• Thursday, 13 June 2024
Research: Over 80% of Grade 4 students in South Africa struggle to read

Research: Over 80% of Grade 4 students in South Africa struggle to read

According to an international study published on Tuesday, eight out of ten South African schoolchildren struggle to read well by the age of ten.

According to the Progress in International Reading Literacy Study (PIRLS) conducted in the United States, it was revealed that 81 percent of fourth-grade students in South Africa, who are between the ages of nine and ten, struggle with understanding what they read.

 

The study shows a decline in reading ability in South Africa's most industrialized nation, with the percentage of children facing reading difficulties increasing from 78 percent in 2016 to 81 percent in 2021, the most recent year examined.

 

A comprehensive investigation was conducted, evaluating 400,000 students from 57 countries worldwide. South Africa ranked the lowest, achieving 288 points compared to the international average of 500, while Singapore achieved the highest score of 587 points.

Education Minister Angie Motshekga expressed disappointment with the test results during an education conference in Pretoria on Tuesday. She highlighted that reading literacy scores were particularly low, emphasizing that many primary schools in South Africa primarily focus on oral performance, neglecting reading comprehension and understanding written words.

The minister attributed the setbacks in primary education improvement to the COVID-19 pandemic. The government's program to enhance primary education was hampered as schools in South Africa were closed for approximately a year to mitigate the spread of the virus.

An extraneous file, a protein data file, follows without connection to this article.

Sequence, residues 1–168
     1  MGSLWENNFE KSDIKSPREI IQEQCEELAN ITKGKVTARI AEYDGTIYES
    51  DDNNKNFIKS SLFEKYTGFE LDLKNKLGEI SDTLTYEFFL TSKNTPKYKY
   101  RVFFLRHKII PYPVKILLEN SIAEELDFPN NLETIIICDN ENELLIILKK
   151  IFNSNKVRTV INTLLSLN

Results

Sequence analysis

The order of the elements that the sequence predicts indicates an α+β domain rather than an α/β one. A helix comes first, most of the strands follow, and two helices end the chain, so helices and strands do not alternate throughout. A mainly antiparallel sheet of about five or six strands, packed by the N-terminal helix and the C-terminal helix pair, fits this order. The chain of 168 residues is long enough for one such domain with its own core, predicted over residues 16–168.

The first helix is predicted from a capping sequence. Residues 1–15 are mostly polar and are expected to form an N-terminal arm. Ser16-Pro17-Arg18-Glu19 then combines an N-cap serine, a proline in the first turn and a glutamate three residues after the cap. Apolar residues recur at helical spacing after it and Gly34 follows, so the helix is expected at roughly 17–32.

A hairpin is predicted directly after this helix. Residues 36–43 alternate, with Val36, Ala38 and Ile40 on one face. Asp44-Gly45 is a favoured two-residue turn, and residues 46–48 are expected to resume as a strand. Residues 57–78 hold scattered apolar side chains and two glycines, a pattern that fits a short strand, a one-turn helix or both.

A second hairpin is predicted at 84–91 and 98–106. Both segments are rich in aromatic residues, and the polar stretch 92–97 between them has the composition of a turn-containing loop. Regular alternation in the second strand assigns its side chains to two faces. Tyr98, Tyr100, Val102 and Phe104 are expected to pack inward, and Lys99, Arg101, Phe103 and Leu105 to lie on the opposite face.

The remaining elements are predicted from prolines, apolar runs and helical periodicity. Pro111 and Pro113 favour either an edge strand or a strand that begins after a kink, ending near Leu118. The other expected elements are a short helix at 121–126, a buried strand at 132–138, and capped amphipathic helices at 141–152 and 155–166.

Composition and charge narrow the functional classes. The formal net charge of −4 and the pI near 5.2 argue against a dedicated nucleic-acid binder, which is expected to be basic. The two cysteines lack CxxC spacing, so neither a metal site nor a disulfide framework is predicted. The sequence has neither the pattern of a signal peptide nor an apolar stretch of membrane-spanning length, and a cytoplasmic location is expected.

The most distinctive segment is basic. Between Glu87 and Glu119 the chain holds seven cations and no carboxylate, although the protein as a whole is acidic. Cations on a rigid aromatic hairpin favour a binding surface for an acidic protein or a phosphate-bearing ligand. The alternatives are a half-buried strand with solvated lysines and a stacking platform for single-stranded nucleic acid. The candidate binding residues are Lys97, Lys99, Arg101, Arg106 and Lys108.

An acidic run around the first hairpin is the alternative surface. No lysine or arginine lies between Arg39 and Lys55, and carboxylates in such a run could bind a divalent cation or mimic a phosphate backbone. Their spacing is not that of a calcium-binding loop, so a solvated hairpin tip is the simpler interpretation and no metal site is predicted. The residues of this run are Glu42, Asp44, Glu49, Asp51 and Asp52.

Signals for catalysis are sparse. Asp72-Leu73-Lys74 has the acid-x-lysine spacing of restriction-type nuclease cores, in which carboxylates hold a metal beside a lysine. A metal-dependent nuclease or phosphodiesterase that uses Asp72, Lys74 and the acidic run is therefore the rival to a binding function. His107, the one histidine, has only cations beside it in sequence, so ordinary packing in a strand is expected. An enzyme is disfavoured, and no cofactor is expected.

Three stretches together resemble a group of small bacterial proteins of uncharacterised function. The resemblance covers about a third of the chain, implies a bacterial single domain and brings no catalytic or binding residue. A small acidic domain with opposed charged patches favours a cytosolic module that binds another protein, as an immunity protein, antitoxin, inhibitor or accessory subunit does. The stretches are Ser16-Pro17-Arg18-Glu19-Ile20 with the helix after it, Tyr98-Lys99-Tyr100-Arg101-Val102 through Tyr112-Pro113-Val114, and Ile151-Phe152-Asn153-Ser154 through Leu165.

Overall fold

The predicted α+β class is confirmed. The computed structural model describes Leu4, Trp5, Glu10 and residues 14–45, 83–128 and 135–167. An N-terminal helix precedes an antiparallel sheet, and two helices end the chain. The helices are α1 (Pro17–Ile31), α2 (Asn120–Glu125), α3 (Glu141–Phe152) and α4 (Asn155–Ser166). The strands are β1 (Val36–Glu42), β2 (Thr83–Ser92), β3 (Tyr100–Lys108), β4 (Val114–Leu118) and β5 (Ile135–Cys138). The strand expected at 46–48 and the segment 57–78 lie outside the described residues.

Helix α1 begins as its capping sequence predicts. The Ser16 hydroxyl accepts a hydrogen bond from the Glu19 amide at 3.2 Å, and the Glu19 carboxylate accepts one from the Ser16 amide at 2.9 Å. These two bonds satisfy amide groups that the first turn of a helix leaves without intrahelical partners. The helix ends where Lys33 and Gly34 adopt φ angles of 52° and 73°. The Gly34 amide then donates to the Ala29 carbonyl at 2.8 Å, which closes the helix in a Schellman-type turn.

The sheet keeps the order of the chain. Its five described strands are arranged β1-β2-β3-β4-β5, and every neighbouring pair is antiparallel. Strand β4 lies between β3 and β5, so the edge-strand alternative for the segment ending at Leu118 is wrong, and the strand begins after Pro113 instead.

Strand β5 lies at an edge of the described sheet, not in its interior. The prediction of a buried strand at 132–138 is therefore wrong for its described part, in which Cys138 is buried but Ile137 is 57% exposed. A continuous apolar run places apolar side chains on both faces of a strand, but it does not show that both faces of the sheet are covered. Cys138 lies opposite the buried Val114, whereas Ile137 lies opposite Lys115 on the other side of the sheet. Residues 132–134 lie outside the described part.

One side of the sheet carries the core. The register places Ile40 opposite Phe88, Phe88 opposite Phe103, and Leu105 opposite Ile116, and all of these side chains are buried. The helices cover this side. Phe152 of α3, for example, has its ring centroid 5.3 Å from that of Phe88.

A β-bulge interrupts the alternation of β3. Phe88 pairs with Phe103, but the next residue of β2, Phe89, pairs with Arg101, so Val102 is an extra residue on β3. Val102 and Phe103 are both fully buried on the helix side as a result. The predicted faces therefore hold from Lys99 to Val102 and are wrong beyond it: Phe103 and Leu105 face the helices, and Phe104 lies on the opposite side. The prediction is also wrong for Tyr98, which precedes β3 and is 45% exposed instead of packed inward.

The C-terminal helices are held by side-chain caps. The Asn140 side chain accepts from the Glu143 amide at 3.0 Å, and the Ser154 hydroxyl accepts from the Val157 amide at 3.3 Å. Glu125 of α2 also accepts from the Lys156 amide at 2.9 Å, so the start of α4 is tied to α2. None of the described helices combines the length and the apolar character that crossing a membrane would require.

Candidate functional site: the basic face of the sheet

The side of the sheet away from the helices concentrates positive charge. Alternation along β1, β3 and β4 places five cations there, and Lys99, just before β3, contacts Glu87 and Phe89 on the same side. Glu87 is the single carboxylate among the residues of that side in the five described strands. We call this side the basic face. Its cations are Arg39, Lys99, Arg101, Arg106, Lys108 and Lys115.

In February, a panel established by former deputy president Phumzile Mlambo-Ngcuka, which convenes annually to promote childhood literacy, concluded that the pandemic had undone a decade's worth of progress in reading outcomes.

Out of the participating African countries, South Africa, along with Morocco and Egypt, is one of only three countries involved in the PIRLS assessment, which monitors global trends in literacy and comprehension.

South Africa's underperformance can be traced back to the educational inequalities fostered by the apartheid regime, which implemented policies that segregated schools.

Despite education being one of the largest expenses in the government's budget under the democratic system, the results often prove to be disappointing. The education crisis is exacerbated by insufficient reading materials in schools and, in some cases, inadequate infrastructure such as toilets.

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